5. 5. 2 IntroductionThis master thesis will study the vibrational, and rotational aspects of Cryo IHelsinki, which has now been dismantled. Suggestions for bettering rotaionalcryostat have been given in length, and the methods for study have beenmade clear for even a student reading this work. The second part consistof testing a superconducting magnet. The preparations are also included, asquite a lot of work needed to be done in order to test the magnet.3 Fourier MethodsFourier transformation can be seen as a tool that converts a ”signal”, or as inthis case, an output voltage into a sum of sinusoids of different frequencies,amplitudes and phases. In general, both input and output of the fouriertransform are complex vectors, which have the same length. A frequentdifficulty in understanding Fourier transformation lies in the comprehensionof the physical meaning of the results.The voltage versus time representation becomes magnitude versus fre-quency in the Fourier transform.The one dimensional Fourier series is given by the following formulaf(t) = a0 +∞n=1an cos(nωt) +∞n=1bn sin(nωt), (1)where t is an independent variable which in our case represents time, and Tpis the repetition period of the waveform. ω = 2π/Tp is the angular frequencyrelated to the fundamental frequency ff , by ω = 2πff . The constant a0 isgiven by the formulaa0 =1TpTp2−Tp2f(t)dt, (2)an byan =2TpTp2−Tp2f(t) cos(nωt)dt, (3)and bn by3
  6. 6. bn =2TpTp2−Tp2f(t) sin(nωt)dt. (4)The frequencies nω are known as the nth harmonics of ω. The series may bewritten in exponential formf(t) =∞n=−∞dneinωt(5)in whichdn =1TpTp2−Tp2f(t)e(−inωt)dt. (6)is complex and |dn| has the units of voltage in our case. Negative frequenciesdo not have any physical meaning rather being purely mathematical.The two conditions for f(t) are:1. The integral of |f(t)| from −∞ to ∞ exists 2. Any discontinuities inf(t) are finite.The squared modulus of a transform is referred as the energy spectrum.|F(ω)|2is the energy spectrum of f(t). Usually the graphs are given as theenergy spectrum versus ω.The complex and trigonometric forms are related by the followingdn = |dn|eiφn, (7)where|dn| = (a2n + b2n)1/2(8)andφn = − tan(bn/an), (9)where φn is the phase angle of the nth harmonic component.4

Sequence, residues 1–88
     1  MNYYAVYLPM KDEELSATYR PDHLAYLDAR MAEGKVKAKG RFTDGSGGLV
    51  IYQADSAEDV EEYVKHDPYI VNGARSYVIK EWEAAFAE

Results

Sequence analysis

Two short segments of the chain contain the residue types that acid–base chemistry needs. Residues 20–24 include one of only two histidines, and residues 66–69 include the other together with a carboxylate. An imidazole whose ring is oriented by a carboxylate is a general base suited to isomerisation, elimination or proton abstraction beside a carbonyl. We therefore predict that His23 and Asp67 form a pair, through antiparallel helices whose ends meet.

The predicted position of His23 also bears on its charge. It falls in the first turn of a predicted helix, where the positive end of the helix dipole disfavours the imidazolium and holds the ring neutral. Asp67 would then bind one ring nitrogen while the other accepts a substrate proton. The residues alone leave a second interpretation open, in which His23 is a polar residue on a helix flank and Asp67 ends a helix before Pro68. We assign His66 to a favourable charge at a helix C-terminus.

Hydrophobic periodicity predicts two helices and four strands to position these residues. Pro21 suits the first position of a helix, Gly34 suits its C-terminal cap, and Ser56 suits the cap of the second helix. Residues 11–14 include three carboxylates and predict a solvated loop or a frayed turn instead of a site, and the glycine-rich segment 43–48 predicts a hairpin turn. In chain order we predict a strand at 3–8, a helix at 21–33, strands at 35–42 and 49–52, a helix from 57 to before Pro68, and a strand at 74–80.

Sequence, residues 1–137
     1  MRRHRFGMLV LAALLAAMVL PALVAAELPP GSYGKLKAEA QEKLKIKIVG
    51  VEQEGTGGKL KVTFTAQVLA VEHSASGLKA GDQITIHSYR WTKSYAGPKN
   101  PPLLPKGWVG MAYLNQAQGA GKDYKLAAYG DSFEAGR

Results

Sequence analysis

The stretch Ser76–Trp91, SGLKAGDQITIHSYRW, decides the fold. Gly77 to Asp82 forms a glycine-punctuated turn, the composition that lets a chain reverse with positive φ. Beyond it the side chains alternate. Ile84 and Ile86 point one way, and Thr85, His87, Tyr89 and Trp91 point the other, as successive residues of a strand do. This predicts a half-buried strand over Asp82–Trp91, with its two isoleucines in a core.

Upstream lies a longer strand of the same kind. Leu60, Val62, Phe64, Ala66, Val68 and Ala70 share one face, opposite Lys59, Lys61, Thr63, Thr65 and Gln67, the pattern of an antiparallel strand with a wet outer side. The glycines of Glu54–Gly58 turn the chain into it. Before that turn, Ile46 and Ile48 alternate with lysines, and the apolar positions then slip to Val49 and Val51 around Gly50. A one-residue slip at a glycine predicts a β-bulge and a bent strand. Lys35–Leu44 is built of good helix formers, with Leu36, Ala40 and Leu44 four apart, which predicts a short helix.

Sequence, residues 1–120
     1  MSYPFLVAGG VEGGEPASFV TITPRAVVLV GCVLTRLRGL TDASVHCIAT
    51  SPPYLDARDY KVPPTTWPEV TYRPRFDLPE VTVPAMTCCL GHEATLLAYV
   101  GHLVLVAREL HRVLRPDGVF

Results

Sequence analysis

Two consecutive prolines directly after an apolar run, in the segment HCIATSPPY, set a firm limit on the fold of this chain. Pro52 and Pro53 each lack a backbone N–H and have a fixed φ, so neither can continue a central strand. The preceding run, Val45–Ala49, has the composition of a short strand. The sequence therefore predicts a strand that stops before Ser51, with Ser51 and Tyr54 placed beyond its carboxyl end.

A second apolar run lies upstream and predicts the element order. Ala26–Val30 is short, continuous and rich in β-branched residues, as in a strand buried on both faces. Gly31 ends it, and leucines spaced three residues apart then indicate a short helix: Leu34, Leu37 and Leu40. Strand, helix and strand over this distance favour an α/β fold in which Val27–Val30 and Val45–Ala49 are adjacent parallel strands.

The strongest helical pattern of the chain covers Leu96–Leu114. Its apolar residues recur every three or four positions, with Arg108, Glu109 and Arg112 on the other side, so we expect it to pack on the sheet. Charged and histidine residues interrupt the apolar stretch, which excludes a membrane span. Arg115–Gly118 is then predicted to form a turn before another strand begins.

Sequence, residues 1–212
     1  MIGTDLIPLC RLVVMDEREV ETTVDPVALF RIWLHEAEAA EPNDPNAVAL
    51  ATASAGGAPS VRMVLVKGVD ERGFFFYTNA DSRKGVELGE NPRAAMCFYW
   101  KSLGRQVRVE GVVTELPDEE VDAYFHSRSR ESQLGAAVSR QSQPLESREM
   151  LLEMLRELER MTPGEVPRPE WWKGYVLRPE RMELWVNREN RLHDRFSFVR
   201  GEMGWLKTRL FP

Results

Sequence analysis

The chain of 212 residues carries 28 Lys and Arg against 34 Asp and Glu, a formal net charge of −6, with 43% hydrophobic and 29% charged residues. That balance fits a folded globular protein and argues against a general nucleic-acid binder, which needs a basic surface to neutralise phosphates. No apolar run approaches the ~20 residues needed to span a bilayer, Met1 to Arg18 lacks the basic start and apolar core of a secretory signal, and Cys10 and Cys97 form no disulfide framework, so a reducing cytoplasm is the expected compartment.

7. 7. The series approach has to be abandoned when the waveform is not pe-riodic for example when Tp becomes infinite. As Tp increases the spacingbetween 1/Tp = ω/2π decreases to dω/2π eventually becoming zero. Thediscrete variable nω becomes continuos ω, and the amplitude and phasespectra become continuos. This means that dn → d(ω) and Tp → ∞. Withthese modifications we get the normalized formula [1],dn = F(iω) =12π−∞∞f(t)e(−inωt)dt. (10)F(iω) is the complex Fourier integral,F(iω) = Re(iω) + iIm(iω) = |F(iω)|eiφ(ω), (11)where the amplitude is given by,|F(iω)| = (Re(iω)2+ Im(iω)2)12(12)and the phase by,φ(w) = arctan[Im(iω)/Re(iω)]. (13)|F(iω)| has the units of V Hz−1.The Fourier transform (FT) has very useful properties [2]. If f(x) has theFourier transform F(s), then f(ax) has the Fourier transform |a|−1F(s/a).Its application to waveforms and spectra is well known as compression ofthe time scale corrensponds to expansion of the frequency scale. If f(x)and g(x) have the Fourier transforms F(s) and G(s), then f(x) + g(x) hasF(s) + G(s) as the FT. The FT of f(x) is F(s), then f(x − a) has the FTe−2πiasF(s). If f(x) has the FT F(s), then f(x) cos ωx has the FT 12F(s −ω/2π) + 12F(s + ω/2π). If f(x) and g(x) have FTs F(s) and G(s), thenconvolution f(x) ∗ g(x) has the FT F(s)G(s). The squarred modulus of afunction versus the squarred modulus of a spectrum yields;∞−∞|f(x)|2dx =∞−∞|F(s)|2ds. (14)If f(x) has the FT F(s) then f′(x) has the FT i2πF(s).It can be seen from:5